Residents going directly to state officials with education concerns foster an environment that erodes local control, members of a panel discussion said Friday to educators from around Arizona.
"Public education is the bedrock of democracy, but local control issues are putting our democracy at risk," said Rep. Linda Lopez, D-Tucson.
The panel, dealing with local control, was part of the Arizona School Boards Association Law Conference, which drew 600 school board members, school administrators and lawyers to the Wigwam Golf Resort in Litchfield Park, a community in the West Valley.
Lopez said requests from the public to state officials have led to state mandates on matters best left to local officials.
Lopez, a former school board member, said elected officials who know their communities are in the best position to handle such matters and are more accessible. Keeping those decisions at the local level also helps preserve democracy, she said.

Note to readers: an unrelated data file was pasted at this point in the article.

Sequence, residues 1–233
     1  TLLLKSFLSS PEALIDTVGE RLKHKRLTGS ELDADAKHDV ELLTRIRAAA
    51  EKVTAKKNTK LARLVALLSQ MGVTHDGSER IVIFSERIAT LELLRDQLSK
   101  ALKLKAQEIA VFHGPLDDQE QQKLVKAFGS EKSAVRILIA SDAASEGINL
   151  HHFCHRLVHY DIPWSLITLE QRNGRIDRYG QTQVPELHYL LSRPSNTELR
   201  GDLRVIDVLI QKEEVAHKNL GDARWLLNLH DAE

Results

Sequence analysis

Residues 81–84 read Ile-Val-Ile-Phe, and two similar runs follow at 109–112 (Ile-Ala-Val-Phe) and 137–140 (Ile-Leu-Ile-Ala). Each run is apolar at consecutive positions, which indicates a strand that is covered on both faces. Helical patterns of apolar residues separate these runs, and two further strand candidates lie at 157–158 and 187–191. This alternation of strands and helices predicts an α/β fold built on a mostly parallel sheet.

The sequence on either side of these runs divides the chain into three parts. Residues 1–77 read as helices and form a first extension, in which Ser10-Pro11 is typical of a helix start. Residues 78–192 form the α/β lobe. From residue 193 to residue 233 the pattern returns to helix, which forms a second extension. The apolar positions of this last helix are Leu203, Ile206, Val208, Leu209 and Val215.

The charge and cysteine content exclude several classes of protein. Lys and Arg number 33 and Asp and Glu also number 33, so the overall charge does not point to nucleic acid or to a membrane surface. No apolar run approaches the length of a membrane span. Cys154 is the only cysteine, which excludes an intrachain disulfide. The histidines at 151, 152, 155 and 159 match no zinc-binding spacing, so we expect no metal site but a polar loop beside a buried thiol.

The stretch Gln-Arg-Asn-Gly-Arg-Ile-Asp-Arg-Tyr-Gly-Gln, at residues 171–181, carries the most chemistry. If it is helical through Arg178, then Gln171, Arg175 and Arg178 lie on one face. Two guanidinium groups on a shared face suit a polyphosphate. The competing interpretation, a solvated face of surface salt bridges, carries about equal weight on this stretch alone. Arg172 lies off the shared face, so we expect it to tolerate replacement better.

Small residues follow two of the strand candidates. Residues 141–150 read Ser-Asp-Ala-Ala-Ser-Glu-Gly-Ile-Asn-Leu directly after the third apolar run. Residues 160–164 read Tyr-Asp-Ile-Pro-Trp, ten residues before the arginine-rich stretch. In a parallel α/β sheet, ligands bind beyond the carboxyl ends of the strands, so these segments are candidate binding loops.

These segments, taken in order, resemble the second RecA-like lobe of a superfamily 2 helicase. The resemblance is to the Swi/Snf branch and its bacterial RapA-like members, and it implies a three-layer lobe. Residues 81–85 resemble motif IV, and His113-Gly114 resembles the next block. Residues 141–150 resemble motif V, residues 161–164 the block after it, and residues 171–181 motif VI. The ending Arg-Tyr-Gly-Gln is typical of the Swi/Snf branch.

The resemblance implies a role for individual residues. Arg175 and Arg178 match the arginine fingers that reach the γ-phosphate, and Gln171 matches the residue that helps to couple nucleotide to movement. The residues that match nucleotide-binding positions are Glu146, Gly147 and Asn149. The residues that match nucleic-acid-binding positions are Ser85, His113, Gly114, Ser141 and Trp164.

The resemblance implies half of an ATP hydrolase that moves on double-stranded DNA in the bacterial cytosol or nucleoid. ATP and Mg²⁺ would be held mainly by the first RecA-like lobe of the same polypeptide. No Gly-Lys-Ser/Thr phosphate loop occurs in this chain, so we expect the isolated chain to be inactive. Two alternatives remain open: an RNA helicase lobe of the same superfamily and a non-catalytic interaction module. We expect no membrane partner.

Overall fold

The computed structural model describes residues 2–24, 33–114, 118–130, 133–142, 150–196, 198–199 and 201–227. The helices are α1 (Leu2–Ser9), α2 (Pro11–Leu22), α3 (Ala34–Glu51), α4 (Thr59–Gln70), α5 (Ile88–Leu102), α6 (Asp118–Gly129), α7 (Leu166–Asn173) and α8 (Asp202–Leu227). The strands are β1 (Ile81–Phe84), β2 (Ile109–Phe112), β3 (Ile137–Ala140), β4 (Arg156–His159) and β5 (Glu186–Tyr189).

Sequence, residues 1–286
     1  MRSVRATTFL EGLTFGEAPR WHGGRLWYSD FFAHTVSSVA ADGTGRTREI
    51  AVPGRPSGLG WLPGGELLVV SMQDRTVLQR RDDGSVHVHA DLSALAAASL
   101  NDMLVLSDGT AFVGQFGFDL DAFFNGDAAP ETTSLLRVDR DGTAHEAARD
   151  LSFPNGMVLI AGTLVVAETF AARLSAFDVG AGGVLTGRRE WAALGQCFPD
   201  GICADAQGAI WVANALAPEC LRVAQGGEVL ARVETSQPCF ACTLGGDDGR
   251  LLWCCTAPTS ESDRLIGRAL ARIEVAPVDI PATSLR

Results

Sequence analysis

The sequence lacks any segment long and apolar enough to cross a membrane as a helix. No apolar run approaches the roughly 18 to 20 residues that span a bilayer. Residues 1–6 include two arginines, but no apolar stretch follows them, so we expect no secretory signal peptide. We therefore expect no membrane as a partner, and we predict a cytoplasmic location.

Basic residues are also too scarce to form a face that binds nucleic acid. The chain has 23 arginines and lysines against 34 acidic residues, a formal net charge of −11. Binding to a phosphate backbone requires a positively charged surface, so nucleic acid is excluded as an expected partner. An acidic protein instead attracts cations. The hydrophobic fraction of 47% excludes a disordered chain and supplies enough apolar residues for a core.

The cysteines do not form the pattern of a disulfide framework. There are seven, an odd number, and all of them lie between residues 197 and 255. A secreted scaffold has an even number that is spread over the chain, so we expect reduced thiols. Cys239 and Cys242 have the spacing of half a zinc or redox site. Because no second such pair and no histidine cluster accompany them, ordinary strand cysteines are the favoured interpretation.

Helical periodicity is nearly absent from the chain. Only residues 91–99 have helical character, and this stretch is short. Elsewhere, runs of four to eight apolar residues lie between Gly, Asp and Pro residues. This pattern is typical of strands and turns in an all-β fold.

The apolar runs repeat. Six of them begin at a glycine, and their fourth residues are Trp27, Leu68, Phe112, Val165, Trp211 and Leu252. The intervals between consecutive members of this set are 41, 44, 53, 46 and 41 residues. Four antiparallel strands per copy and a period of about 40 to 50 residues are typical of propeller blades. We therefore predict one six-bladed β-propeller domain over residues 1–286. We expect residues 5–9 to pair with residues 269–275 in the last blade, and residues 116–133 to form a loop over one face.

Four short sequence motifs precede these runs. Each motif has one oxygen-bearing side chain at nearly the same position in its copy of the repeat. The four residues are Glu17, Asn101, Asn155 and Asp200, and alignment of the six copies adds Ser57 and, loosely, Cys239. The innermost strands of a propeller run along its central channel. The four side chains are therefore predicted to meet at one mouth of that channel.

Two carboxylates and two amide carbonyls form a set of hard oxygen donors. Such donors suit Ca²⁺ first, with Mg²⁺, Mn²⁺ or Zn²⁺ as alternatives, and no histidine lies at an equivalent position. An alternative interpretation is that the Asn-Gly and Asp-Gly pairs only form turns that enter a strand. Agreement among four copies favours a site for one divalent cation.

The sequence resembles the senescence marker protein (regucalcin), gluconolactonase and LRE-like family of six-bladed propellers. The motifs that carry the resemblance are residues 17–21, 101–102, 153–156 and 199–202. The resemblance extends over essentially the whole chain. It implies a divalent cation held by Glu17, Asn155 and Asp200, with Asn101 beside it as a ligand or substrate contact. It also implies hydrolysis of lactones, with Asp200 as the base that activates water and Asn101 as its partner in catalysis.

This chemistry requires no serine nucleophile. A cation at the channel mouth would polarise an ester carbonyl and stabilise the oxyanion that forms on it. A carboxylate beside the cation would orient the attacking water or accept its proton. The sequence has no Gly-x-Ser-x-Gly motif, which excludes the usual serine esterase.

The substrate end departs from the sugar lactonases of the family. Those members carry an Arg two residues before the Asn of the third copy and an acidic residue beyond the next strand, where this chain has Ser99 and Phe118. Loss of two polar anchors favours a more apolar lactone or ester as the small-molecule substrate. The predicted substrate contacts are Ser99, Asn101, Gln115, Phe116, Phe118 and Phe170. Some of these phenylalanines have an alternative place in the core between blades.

"It makes for a better government system for education," she said.
Lopez, who is seeking election to the state Senate, pointed to a 2005 state requirement that all public elementary and charter schools teach about skin cancer prevention.
"Why do schools have to educate on sun safety? Why not doctors?" she said. "It's just one more crack in the armor of local control," Lopez said.
Ken Strobeck, executive director of League of Arizona Cities and Towns, said people with concerns about education are inclined to think that a one-size-fits-all solution is best, which leads them to state officials rather than school boards. But he said state lawmakers, wanting to be re-elected, are more interested in short-term wins than considering long-term impact.
"If it's a local matter, let's leave it in the hands of local folks," Strobeck said.
Panelists also discussed the trend of some districts being unable to find enough candidates to fill school boards.
Strobeck said school board positions are often thankless, with members facing hostility over unpopular decisions.
"It's a wonder we have anyone to do that at all," Strobeck said.